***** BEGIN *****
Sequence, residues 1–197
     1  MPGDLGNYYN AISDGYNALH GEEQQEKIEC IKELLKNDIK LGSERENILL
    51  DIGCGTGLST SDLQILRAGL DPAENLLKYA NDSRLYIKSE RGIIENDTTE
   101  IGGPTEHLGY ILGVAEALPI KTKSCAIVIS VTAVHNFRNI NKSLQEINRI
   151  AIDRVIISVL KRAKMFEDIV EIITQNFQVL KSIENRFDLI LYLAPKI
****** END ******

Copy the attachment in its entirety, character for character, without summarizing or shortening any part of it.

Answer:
Sequence, residues 1–197
     1  MPGDLGNYYN AISDGYNALH GEEQQEKIEC IKELLKNDIK LGSERENILL
    51  DIGCGTGLST SDLQILRAGL DPAENLLKYA NDSRLYIKSE RGIIENDTTE
   101  IGGPTEHLGY ILGVAEALPI KTKSCAIVIS VTAVHNFRNI NKSLQEINRI
   151  AIDRVIISVL KRAKMFEDIV EIITQNFQVL KSIENRFDLI LYLAPKI